Outside Chiayi Street (3)



1927, 畫布油彩, 52×65cm

oil on canvas





    A shallow irrigation canal leads to a street, farther along and at the edge of which the upturned arc of a temple roof punctuates the sky. A year prior to the completion of this painting, Chen Cheng-po’s masterpiece depicting the same scene was selected for the Imperial Exhibition and introduced his hometown to Japanese art aficionados. In comparison with the earlier work, this painting reflects the influence of modernization, the landscape visibly more neat and orderly. Perhaps gazing at the streets of Chiayi from a distance, Chen chose once more to paint this scene in order to leave a record of the transformations underway in his beloved city. 






Outside Chiayi Street: the four paintings





    The vista pictured in this painting is strikingly similar to that in Chen’s 1926 work of the same name, his first to be selected for the Imperial Exhibition. The only apparent difference is a slight shift backwards in vantage point. At present, there are four known works by Chen which depict this same streetscape and all are painted from roughly the same perspective. Appearing over and over in his works, this scene must have held special sentimental significance for the painter.









Left: Outside Chiayi Street (1), 1926, oil on canvas, #40

Middle: Outside Chiayi Street (2), 1927, oil on canvas, 65 x 53.4 cm

Right: Outside Chiayi Street (4), 1928, oil on canvas, 15.7 x 22.7 cm







At the juncture of city and countryside





    The perfectly straight roadway, irrigation canal, and electric poles—all suggest that this lane has been modernized and transformed into the urban space. Yet, during the late 1920s, this area was still well within the outwardly expanding periphery of the city. Perhaps the intended motif of this painting was just that—a landscape situated at the boundary between nature and civilization. 





Streetscape painting





    During the Meiji era, one-point perspective compositions featuring roadways as principal subjects came into vogue among Japanese art circles. In fact, Ishikawa Kinichiro, the instructor who first sparked Chen’s interest in painting, was adept at using this technique. Positioning a roadway along a painting’s central axis provides the painter with a convenient path along which to depict the unique features of the local landscape and to guide the viewer’s gaze into the painting.   





Chen Cheng-po’s residences in Chiayi





    When Chen painted this work, he was living nearby at Plot 739, Ximen Outer Street. However, as indicated by letters discovered among his personal belongings, he changed residences in 1933 and began using a different mailing address. His later home was located not far behind the Temple of the Wenling Sea Goddess, at Plot 125, District 2, Ximen Ward.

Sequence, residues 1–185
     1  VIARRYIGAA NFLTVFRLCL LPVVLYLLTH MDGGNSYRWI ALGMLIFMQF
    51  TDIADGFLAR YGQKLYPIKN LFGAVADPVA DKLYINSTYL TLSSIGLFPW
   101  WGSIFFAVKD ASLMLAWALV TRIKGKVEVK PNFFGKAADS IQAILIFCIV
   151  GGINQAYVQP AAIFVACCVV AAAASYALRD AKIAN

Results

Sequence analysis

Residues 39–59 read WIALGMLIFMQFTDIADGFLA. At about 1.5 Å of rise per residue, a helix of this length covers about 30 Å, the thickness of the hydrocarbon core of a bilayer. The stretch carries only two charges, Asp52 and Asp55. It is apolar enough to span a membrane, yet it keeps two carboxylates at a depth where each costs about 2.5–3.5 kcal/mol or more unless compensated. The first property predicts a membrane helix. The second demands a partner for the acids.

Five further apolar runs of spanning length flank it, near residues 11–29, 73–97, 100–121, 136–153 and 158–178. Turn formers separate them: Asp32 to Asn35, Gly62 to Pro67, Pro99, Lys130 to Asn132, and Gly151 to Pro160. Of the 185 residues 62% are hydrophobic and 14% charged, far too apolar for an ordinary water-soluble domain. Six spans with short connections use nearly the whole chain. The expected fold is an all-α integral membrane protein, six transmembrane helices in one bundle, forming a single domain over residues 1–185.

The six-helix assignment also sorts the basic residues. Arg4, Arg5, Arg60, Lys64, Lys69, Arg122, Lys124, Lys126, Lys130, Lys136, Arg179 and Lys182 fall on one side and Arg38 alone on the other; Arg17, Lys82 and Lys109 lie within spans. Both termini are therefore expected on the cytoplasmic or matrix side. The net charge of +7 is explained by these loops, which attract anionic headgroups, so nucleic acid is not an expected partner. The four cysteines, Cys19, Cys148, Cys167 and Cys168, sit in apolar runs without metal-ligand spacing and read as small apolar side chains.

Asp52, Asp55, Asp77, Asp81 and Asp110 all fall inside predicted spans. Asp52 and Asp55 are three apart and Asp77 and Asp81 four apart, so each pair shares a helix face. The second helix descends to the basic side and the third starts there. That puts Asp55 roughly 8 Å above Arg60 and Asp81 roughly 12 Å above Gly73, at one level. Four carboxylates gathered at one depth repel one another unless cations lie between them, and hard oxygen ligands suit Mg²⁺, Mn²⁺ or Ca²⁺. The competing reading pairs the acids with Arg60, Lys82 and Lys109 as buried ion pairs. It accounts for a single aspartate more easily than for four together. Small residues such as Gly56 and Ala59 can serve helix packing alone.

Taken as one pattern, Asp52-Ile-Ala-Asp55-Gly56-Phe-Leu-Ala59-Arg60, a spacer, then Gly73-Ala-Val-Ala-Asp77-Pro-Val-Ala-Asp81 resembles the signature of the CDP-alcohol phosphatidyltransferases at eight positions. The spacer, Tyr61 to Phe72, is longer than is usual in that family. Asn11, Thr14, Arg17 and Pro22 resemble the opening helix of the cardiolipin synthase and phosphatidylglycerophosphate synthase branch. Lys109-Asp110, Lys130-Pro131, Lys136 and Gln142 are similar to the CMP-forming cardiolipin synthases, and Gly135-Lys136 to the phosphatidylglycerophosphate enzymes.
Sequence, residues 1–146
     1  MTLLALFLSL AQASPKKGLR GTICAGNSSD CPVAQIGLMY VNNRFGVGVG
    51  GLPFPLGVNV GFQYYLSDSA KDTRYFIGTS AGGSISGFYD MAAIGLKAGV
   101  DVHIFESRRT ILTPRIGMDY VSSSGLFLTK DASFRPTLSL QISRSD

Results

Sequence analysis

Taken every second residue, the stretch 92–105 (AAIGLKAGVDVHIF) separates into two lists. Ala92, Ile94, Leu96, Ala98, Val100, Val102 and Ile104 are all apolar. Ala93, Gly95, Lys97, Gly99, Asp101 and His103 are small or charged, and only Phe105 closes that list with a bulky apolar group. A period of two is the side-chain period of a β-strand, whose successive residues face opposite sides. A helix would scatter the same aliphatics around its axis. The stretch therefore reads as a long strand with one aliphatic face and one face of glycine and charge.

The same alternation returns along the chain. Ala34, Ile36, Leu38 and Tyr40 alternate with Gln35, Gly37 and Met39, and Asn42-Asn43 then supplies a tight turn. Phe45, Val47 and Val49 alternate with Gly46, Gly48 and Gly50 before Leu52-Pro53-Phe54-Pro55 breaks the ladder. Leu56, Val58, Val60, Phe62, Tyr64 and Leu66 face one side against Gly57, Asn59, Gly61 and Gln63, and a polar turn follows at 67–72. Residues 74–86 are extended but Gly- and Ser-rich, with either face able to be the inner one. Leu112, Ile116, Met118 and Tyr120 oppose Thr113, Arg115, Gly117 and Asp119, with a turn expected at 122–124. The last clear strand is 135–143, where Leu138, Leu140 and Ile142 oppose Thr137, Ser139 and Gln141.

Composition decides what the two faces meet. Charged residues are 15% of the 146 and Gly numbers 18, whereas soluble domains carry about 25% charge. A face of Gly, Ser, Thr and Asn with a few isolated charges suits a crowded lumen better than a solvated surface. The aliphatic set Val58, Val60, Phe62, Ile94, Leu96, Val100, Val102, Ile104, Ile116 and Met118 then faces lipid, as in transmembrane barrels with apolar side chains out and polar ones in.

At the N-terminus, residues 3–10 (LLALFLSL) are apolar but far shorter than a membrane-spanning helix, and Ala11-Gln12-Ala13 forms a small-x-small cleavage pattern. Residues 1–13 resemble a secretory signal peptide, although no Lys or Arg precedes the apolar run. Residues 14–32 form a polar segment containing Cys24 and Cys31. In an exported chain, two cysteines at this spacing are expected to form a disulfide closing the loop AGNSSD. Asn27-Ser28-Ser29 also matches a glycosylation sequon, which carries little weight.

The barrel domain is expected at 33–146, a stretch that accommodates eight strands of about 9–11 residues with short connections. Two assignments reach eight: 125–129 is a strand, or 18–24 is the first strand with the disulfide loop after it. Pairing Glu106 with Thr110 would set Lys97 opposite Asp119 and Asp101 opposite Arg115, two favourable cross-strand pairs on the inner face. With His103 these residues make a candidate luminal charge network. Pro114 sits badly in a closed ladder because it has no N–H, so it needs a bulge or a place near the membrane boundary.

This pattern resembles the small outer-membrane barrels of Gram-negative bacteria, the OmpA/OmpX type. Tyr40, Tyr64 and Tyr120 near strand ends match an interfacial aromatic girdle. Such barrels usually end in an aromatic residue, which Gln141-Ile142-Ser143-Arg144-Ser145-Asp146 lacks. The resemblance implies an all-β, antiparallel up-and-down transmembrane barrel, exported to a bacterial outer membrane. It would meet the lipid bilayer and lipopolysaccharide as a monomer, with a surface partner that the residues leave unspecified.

These postcards document a change in Chen’s mailing address. The address on the postcard dated June 1933 is different from that on the New Year’s card dated January 1931.







Photo (left): LE2_021, 1931.1.1, a postcard Chen received from Lin Yi-jie.

Photo (right): LE2_030, 1933.6.9, a postcard Chen received from Akashi Keizo.





5. 溫陵媽祖廟

The Temple of the Wenling Sea Goddess (Matsu)





    One of the most distinctly Taiwanese elements of this scene is the temple’s roof with its ridges sweeping elegantly upward like swallowtails. Built in honor of the deity Matsu, this temple was located not far from Chen’s home and served as the backdrop for many of his fondest childhood memories. When he was still a boy, in 1906, a powerful earthquake destroyed the temple. After it was finally rebuilt in 1923, he painted this portrait of its new façade.







    The Temple of the Wenling Sea Goddess, post-reconstruction, serves as the main subject of this 1927 painting by Chen, who took great care to depict the details of the edifice’s external ornamentation.

Temple of Wenling Sea Goddess (Matsu), 1927, oil on canvas, 91 x 116.5 cm






Irrigation cana





    Today, the road in the painting’s background is known as Guohua Street, and the irrigation canal in front now flows underground. According to old maps, the waterway must have been a branch of the Dao-jiang Irrigation Canal. In the 1920s, the old Dao-Jiang canal was dredged using modern equipment. It continued to provide water for irrigation to the neighboring agricultural fields, but was realigned to become the straight and orderly canal depicted in Chen’s canvas.







    By studying this 1931 Chiayi Street Survey Map, we can roughly estimate the spot on which Chen’s home stood, at Plot 125, District 2, Ximen Ward. Walking southward from this point, one would first pass the Temple of the Wenling Sea Goddess, indicated on the map by a temple symbol, and then the renovated yet still aboveground irrigation canal.

Chiayi Street Survey Map (1931), taken from Taiwan’s 100 Years of History in Maps, published by the Center for GIS at Academia Sinica. 






Dormitories for Bank of Taiwan employees





    The houses behind the red wall to the right of the canal are most likely dormitories for employees of the Bank of Taiwan, constructed around 1910. During the Japanese colonial era, the bank built Japanese-style dormitories for employees in towns and cities across Taiwan. Today, many of these have been preserved as historic sites, but those in Chiayi were demolished more than a decade ago by the municipal government.